What type of index?
How well a book is indexed is very important in terms of the reception it receives in journals and academic reviews. If a book is poorly indexed, the reader will find it difficult to locate the specific information they seek.
An efficient index will allow readers to:
(a) find out whether a book discusses a topic of particular interest;
(b) take the reader to that topic quickly;
(c) find topics they have already read about and perhaps wish to refresh in their minds;
(d) indicate to reviewers and possible buyers the range and depth of the book.
It is therefore important to consider what kind of reader will be most interested in the book before beginning to compile an index. Bear in mind that an index might be used only very occasionally – looking for a single specific entry, for example – or it can be used as an effective research tool, allowing students and researchers to scan a broad range of topics across the subject of the book. Will your readers want access to a large database of entries? What kind of entries will they be searching for – names and places? Or ideas and theories? Or both? This issue is dealt with in detail below.
If the author is also the indexer, the index can also represent the opportunity to educate the reader further, by making comparisons or juxtapositions that do not occur in the text.
Compiling an index
The Publisher is often asked to explain the best way forward in compiling an index. The Press values well prepared indexes highly and wishes to make two observations: (1) Do consider engaging a freelance indexer, for which the Press will obtain a cost estimate at your request; (2) If you are time constrained, especially at the time when proofs are due to arrive, it is a good idea to prepare a list of index entries in advance of the proofs – this means considering the principal items to index, main subject areas of the book, etc.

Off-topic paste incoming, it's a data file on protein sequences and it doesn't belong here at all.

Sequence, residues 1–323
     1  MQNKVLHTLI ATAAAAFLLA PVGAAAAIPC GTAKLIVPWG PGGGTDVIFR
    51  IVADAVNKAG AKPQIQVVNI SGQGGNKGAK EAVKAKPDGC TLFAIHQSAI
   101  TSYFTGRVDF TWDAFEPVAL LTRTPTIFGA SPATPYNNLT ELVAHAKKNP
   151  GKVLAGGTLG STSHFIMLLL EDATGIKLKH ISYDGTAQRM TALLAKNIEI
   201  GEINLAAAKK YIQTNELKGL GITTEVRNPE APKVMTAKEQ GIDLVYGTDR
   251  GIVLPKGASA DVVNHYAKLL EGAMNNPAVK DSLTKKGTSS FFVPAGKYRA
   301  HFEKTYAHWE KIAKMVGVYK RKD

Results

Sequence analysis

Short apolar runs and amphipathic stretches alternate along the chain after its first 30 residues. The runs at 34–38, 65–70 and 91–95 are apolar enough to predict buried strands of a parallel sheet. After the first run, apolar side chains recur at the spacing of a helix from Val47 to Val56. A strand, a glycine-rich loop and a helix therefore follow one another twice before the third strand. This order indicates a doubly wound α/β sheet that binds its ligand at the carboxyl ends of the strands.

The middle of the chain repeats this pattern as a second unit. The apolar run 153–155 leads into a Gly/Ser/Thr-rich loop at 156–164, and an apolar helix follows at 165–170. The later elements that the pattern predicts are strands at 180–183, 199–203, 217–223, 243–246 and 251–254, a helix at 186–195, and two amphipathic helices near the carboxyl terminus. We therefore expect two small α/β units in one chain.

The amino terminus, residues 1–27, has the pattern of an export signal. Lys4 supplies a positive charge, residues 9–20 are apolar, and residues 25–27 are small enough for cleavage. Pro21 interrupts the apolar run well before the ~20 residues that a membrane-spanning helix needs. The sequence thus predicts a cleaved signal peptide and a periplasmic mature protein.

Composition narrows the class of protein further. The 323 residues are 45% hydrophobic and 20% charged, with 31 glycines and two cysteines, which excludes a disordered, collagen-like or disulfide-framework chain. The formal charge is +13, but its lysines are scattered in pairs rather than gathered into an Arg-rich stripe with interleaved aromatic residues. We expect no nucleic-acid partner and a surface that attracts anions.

Before compiling an index, it is extremely worthwhile looking at indexes to books on similar subjects to your own. It is also worth looking up indexes to books that you recalled were helpful, and working out what was useful about them. It is vital that you keep in mind the readership level of your readers when in the process of compiling an index. Are they undergraduates, professionals, postgraduates? Specialists in a particular industry or subject? The complexity and level (e.g., number of sub-entries) of the index will be dictated by your readers’ needs. The focus of the book will also dictate the focus of the index.
There are two important aspects of index style that should be noted. First, ordinary type should be used for all page references, with bold an optional extra for principal page references. Second, italic should be used for the words “see”, “see unde”, “see also”, “compare” and “passim” in an index.
The index should follow the (US or UK) style adopted in the text. If US style, capitalize all main entries; if UK style, keep main entries lower case except for names and proper nouns. You will also need to decide whether the index style should be “run on” or “set out”. These and other style pointers are detailed in the two exemplar books detailed below.
There are two important provisos in submitting an index to the press: (1) include a comma between the index entry and the first page number – thus,
Miracles, 9, 13-16, 27, 134-7, 150-1
And (2), follow number concatenation as it is used in the main text. Press House Style of numbering is as the entry above.
How many entries?
An index should amount to between 3–5% of the length of the completed text. The agreed-upon page extent for the book will impose some kind of limit – although not definitive – on the length of the index you can have for your title. However, if you stick to the 3–5% rule you should end up with a decent length for the index. The Press editor will inform you if the index seems too sparse or overlong.
Which works to consult on index preparation?
Authors are advised to consult two works which have excellent sections on how to compile an index:
Indexes, pp. 183–201, from Judith Butcher, Copy-Editing: The Cambridge Handbook for Editors, Authors and Publishers, third edition (Cambridge: Cambridge University Press, 1992)
Indexes, pp. 701–60, from The Chicago Manual of Style, fourteenth edition (Chicago: The University of Chicago Press, 1993)
Both books are usually to be found in all university and public libraries.
If you experience any difficulty in compiling the index, please contact your Press editor, who will be more than willing to assist you.